Zettelkasten Forum

Getting overrun by permanent notes - please, send help.

Hello. This is my first post in the forum, so, first of all, hello.

Before I start throwing my questions at you guys, I'd like to clarify something: I know that each Zettelkasten system ends up being unique and that I should focus mainly on applying the principles, but I think my problem is precisely with the principles, since I'm not particularly sure if I'm utilizing permanent notes in the most optimal way.

I'm currently working on my master's in philosophy and, trying to organize all the concepts and sub-concepts that I have and how they link to one-another, I have created some sort of mess-monster - but I don't know if this is the mess-monster from which amazinig new connections will arise, or if it's just a mess.

For instance: do you turn concepts and their sub-concepts into permanent notes that you can check later? Or are permanent notes something that should be reserved for my ideas, and not for something that I've read, and I should store notes and concept-definitions in a different way? How do you do it?

Please, send help.


  • edited October 2020

    @M_Adastra It sounds like you are having a problem distinguishing between what should be a note in your Zettelkasten and what is just material that you are reading. If you are simply copying material into your ZK from various sources, you will end up with a mess. On the other hand, if the notes in your ZK contain only your own thoughts (about what you have read, heard, etc.), and if you work at connecting your notes as your create each one, then rather than a mess, you will have a manageable network of information. Using structure notes also helps - a topic you will see discussed frequently on the forum - but I think a focus first on just writing and connecting your ZK notes in a straight forward way and in the suggested way will pay big dividends for you.

    I suggest you start with this article, which makes a distinction between writing notes in your ZK and just collecting information (called the "collectors fallacy"):


    And then read through some of the other links on the "Getting Started" page of the same web site. Maybe you have jumped way ahead, importing a large amount of information, without fully understanding how a ZK is supposed to function? These articles will help.


    If this sounds too simple and like you are already doing this, then I have probably misunderstood your question :)

    Welcome to the forum and to the ZK world, by the way!

  • Welcome! :)

    @GeoEng51 pointed out a very important piece: are these notes your own? Say you're plowing through Aristoteles Nicomachean Ethics: it's one thing to reproduce verbatim quotes of term definitions; it's another if you create Aristoteles definition of arete, Modern virtue ethics focus on a personal aspect of arete only, What it means if a knive has virtue -- all these are """permanent""" notes inasmuch as they're meant to stay in your Zettelkasten proper.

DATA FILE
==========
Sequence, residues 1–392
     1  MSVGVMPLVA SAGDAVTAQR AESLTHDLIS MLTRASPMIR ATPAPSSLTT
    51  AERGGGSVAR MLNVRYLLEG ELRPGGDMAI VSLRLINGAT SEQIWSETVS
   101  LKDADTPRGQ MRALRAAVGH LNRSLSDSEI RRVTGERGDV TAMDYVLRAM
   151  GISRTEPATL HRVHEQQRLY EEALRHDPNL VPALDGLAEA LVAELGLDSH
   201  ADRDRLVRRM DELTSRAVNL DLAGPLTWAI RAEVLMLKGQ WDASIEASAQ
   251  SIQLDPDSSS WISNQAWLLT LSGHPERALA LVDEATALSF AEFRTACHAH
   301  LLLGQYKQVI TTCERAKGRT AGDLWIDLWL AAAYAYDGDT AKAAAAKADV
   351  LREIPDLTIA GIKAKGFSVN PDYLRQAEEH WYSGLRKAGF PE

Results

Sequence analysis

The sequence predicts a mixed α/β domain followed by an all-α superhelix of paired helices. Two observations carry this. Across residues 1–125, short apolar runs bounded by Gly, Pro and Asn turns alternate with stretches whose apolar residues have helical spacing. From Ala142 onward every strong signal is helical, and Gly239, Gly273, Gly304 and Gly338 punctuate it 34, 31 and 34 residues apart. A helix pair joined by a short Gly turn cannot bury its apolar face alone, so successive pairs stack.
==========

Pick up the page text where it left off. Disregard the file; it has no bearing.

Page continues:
And having a ton of them is not a problem per se. It may become overwhelming to find your way through the info, though. Especially if you dig deep into a topic and process a lot of sources, you'll collect a ton of details. To see the forest despite all the trees, adding higher-level notes, i.e. structure notes, to group related things together helps. It's not just a grouping as in sorting what is similar (e.g. having a Definitions of arete overview that links to Aristoteles definition of arete and other author's), but also providing a birds-eye perspective on discussions and trends (Virtue changed in medieval times from excellence to a sense of effortlessly doing the right thing with links to Aristoteles and other Greeks on one side, and Thomas Aquinas and Schiller on the other; or Kant's definition of virtue detaches from a 'sense of good' and leaves Schiller and Aquinas behind).

    -- Disclaimer: I'm making the examples up from my sparse notes on the topic in German :) --

    Author at Zettelkasten.de • https://christiantietze.de/

  • I think that it's important to keep in mind what can be considered "your ideas." As @GeoEng51 says, you shouldn't just copy directly from your readings. But you absolutely can (and should) add knowledge from your readings to your ZK. What you should be doing, at minimum, is writing your notes in your own words. When you find an important definition, don't just copy it into a note verbatim. Describe it in your own words, even if that takes many more sentences than the concise manner that it is presented in whatever you're reading. On its face that doesn't feel like "your idea," but what you've written in your notes is your understanding of the definition as presented by the author you're reading. That makes it your idea. You have taken knowledge out of the context of the reading and placed into the context of your personal knowledge. That makes it yours, and will make it infinitely more useful to you in the future.

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